Legacy requests do not allow you to copy request types, each must be created from scratch.
|4||Field creation and multiple mappings||
Allows you to consistently create fields just like other self-service admin entities and easily map a request field to a different field on each possible entity category. For example, for a request category that allows associations to projects (with 2 possible categories "Maintenance" and "Product") and tasks (with 3 possible categories "Deliverable", "Enhancement", and "Milestone"), the Admin can map the request "Business Justification" field to the "Business Need" field on the "Maintenance" project category, to the "Business Justification" field on the "Product" project category, to the "Business Details" field on the "Enhancement" task category, and simply not map it to the other two task categories.
Request categories can draw from the same set of Available Fields, including user-defined fields (UDFs).
Gives you the power to create various user-defined fields and map them to the resulting designated entity's fields. However, you do have to jump through a few hoops to set this up (does not use standard self-service admin facility) and each request field can only map to a single field across the relevant entity's categories. For example, for a request type that results in a project (with 2 possible project categories "Maintenance" and "Product"), the request "Business Justification" field can only map to one project field of the same title across both project categories (both project categories will need to use the same field).
You must recreate a user-defined field for each request type, even if they are the same field; there is no common set of Available Fields to use across request types.
|5||Requester capabilities and requesting on behalf of||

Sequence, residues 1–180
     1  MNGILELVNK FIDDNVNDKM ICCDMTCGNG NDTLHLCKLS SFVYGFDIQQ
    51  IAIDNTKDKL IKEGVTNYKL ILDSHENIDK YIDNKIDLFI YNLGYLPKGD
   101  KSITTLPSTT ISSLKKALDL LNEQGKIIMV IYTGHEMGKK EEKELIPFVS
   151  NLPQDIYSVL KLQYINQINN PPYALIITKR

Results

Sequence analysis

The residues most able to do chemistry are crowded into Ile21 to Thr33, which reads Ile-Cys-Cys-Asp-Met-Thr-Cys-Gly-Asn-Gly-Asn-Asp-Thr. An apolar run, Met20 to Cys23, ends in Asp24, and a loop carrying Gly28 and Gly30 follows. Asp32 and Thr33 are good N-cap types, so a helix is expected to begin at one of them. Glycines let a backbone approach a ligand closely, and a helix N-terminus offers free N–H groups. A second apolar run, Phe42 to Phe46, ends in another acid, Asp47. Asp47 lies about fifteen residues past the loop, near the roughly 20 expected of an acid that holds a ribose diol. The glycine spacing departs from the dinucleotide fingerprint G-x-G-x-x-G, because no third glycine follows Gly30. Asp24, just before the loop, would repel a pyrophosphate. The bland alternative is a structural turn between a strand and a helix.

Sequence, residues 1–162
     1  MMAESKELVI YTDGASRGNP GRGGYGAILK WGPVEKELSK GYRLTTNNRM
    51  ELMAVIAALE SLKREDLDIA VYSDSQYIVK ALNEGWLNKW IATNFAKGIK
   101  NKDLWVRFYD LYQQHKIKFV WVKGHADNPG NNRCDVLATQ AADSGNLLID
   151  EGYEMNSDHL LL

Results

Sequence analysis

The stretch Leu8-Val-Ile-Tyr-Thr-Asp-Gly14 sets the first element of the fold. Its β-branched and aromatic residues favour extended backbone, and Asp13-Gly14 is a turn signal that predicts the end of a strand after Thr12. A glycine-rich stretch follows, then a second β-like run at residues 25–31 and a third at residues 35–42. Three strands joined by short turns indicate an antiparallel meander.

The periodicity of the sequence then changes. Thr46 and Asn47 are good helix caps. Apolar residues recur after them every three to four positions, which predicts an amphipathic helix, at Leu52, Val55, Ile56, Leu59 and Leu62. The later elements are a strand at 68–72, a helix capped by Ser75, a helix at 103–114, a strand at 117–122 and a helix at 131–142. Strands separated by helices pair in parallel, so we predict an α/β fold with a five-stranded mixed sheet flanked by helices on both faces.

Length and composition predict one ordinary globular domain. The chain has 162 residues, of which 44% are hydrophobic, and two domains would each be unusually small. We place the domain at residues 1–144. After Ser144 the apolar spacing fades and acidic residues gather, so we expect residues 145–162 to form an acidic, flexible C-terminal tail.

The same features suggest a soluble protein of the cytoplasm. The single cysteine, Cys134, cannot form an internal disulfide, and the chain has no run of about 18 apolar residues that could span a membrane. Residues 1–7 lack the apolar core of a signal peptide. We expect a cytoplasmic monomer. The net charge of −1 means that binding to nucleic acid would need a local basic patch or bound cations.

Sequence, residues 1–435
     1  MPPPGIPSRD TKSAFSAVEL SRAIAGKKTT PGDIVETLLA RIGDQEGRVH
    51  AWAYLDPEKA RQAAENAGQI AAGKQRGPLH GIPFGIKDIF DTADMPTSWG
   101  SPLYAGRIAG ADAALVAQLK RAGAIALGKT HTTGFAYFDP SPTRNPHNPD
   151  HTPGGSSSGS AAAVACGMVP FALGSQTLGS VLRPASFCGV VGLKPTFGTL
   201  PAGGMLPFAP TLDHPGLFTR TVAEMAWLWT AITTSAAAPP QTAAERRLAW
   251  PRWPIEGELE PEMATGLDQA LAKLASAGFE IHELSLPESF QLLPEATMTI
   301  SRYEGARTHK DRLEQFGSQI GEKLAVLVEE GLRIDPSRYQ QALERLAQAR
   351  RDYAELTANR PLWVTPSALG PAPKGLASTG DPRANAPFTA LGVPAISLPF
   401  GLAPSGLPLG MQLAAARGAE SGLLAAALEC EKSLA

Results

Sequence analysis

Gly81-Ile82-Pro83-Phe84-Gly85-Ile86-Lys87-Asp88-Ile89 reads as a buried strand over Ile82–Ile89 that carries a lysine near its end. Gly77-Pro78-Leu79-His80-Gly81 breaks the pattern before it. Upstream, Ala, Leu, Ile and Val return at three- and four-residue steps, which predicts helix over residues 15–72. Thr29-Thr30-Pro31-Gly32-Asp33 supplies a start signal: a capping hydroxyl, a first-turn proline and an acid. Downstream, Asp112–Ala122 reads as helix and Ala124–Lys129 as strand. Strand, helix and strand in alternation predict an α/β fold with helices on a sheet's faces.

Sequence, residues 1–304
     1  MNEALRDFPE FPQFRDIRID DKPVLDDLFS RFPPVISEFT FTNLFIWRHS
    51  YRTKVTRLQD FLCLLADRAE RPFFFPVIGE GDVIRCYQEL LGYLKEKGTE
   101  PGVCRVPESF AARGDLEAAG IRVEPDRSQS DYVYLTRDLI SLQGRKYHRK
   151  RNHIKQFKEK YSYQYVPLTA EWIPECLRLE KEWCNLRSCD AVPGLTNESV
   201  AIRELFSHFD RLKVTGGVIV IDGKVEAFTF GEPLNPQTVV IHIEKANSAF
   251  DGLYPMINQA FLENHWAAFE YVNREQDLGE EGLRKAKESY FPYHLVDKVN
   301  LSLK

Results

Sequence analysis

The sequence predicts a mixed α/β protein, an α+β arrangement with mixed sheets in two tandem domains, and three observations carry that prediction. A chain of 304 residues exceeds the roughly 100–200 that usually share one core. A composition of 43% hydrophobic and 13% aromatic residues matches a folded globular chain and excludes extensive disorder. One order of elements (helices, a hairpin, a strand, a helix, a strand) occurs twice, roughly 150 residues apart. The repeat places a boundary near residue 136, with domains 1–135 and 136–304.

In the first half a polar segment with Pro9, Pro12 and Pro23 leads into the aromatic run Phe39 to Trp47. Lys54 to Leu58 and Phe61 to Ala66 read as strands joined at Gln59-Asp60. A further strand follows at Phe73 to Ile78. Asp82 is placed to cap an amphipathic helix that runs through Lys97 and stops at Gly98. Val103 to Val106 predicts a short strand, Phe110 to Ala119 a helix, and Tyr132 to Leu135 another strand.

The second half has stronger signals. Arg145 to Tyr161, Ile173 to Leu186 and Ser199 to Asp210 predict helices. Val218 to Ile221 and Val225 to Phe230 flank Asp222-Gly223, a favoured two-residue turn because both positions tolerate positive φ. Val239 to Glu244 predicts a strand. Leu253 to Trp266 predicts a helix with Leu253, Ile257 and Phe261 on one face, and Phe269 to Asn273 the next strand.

One person can submit a request on behalf of another by simply editing the "Requester" field on the request (provided the request category has this field shown and editable). The Requester does not have to be a user, they can just be a resource.
Optionally the Admin can configure the request category to send a notification to the requester (provided the requester is a user, non-user resources are not notified) when submitted by another user, including the notification email subject and message.
Finally, depending on your organization's needs, requesters may be given permissions to view and even perform actions on requests made by other users.
You cannot change who the requester is; whoever submits the request is the requester.
Requesters cannot see requests submitted by others, to get an overview of what work requests have already been submitted and see if perhaps their work idea has already been submitted.
|6||Limiting who has access to what request categories||You have the ability to set who has what permissions on what request categories via permission profile models. For example, you can give all of your users access to view all request categories but only create certain categories. Or, you can grant two groups of users full access to create, view, edit, score, and so on, all request categories; grant Unit A create and view access to request categories 1 and 3; grant Unit B create and view access to request categories 1, 2, and 4, and so on. This enables you to ensure your users only see and can take action on relevant requests, decreasing the clutter in their views and preventing inappropriate request submission or actions.||All requesters have access to creating all request types; you can limit certain request types to certain users using filters. Users must be on the gate approval team in order to view and take action on a request.|